Another blogger asked me about this last week, so I decided to dedicate this week’s Writerly Wednesday to apostrophes. This little piece of punctuation seems to trip a lot of writers up, so let’s look at scenarios in which you would, or would not, use an apostrophe.
In general, there are two types of words that need an apostrophe: contractions, and possessives.
A contraction is a single word that joins together two other words, like “don’t,” for “do not, or “could’ve,” for “could have.” (Slightly off topic, but please never write “could of,” “would of,” or “should of.” The word you’re hearing people say that sounds like “could of” is actually “could’ve.” It’s a contraction for “could have.” Please end this nonsense immediately. Thanks.)
The apostrophe replaces whichever letter or letters you’ve removed from the original words to make the contraction. So you put the apostrophe between the “n” and the “t” in “don’t” to replace the “o” from “do not.” Make sense?
A possessive noun is, quite simply, a noun that possesses something. So “Lisa’s house” means “the house that belongs to Lisa.”
Another thing that trips people up about possessives is distinguishing apostrophe placement for singular vs. plural possessives. For singular possessive words, put the apostrophe before the “s.” For plural possessive words, put the apostrophe after the “s.” Don’t know if your word is singular or plural? Just ask yourself, do you mean one, or more than one?
For example, “Choosing a discipline technique is a parent’s prerogative.” Here you’re just talking about one parent, so the apostrophe is before the “s.” But…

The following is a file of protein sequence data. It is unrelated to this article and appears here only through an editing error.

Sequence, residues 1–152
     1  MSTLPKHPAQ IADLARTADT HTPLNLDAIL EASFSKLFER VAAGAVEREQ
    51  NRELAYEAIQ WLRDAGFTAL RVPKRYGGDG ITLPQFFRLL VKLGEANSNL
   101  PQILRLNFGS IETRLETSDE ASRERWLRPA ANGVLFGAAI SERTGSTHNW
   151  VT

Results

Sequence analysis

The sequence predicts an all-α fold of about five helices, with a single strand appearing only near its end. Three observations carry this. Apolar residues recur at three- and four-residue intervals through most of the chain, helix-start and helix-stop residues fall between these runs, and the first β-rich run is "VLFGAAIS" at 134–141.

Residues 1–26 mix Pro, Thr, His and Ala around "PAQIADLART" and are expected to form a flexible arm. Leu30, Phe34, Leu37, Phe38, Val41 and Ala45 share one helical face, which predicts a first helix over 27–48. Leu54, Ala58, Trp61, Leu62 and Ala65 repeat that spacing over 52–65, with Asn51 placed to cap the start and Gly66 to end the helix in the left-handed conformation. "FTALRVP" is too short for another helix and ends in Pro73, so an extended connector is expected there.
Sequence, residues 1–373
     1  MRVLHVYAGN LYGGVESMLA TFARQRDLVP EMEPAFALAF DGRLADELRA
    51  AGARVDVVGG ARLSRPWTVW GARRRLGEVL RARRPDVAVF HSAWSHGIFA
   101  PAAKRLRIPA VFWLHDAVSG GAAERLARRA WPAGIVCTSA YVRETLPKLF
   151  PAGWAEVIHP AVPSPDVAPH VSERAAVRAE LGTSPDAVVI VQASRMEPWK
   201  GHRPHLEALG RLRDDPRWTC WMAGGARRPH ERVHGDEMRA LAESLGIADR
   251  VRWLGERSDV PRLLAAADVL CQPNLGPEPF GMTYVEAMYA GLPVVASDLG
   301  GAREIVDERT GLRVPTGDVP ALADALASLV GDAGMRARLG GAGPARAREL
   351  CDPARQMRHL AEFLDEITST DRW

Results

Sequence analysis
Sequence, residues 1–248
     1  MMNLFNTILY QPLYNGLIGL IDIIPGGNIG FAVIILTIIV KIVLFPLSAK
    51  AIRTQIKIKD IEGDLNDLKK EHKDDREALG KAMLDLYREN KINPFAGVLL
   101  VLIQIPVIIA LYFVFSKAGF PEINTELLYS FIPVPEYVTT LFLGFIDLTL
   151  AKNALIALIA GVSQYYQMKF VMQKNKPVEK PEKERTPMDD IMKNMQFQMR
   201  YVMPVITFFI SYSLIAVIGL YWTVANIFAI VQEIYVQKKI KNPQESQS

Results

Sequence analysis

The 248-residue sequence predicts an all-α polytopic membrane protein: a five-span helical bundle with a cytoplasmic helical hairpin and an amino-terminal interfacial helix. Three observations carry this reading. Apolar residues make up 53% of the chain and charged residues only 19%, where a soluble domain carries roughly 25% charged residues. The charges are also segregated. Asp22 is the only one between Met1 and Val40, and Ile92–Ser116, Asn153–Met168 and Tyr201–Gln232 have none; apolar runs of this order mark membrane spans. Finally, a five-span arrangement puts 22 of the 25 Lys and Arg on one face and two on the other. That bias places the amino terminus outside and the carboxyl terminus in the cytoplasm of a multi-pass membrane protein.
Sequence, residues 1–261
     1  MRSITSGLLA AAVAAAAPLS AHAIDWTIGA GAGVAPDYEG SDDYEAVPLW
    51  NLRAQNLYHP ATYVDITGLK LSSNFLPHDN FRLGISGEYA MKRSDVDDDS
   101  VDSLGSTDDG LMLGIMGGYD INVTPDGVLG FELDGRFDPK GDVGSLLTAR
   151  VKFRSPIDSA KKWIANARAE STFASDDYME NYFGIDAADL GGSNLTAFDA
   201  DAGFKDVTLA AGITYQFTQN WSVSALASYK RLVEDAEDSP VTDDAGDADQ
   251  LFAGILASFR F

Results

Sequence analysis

“We’re having dinner tonight at my parents’ house.” In this sentence, you’re referring to both of your parents, so it’s plural, hence, the apostrophe after the “s.”
What about irregular plural possessives?
The English language has a lot of irregular plural nouns. If the noun isn’t made plural by adding an “s,” then you still add an “s” to make it possessive, but the apostrophe goes before the “s.” So:
The children’s choir is singing tonight.
What about plural words that aren’t possessive?
Just because a word ends in “s,” doesn’t mean it needs an apostrophe. For example, here is a list of “13 Things You Can Stop Saying to Parents of Twins.” (And a little shout out to my friend, Bec Webb!) In Bec’s jazzy blog title, “parents” simply means “more than one parent.” There is no possession or contraction implied there, so there’s no need for an apostrophe.
This should hopefully go without saying, but if the word is singular, and just happens to end in “s,” it also doesn’t need an apostrophe. No flos’s, toss’, or abacus’, please. Pretty, pretty please.
And if you need to make that word plural? Most of the time, you add an “es.”
Of course, the good old English language has plenty of irregular nouns, and there are quite a few that end in “s.” For example:
And if you wanted to make those words possessive?
My cactus’s pot is cracked.
That’s the cacti’s section of the garden over there.
What about names?
People tend to get really confused about the plural and plural possessive of someone’s last name. For example, if you’re writing a Christmas card to the Smith Family, you could address it simply to “The Smiths.”
But what if you’re writing to the Jones Family? Some people tend to call them “The Jones’,” but this is incorrect. You do not use an apostrophe simply to make someone’s last name plural. The correct plural of Jones is “Joneses.”
But what if you’re talking about something that belongs to the Smith Family, or the Jones Family? The correct possessives for these two names are:
Tonight we’re having dinner at the Smiths’ house.
The Joneses’ dog ran away.
Got it? Good!
If you have a writing related question you’d like me to answer on the blog, please let me know in the comments. Thanks!
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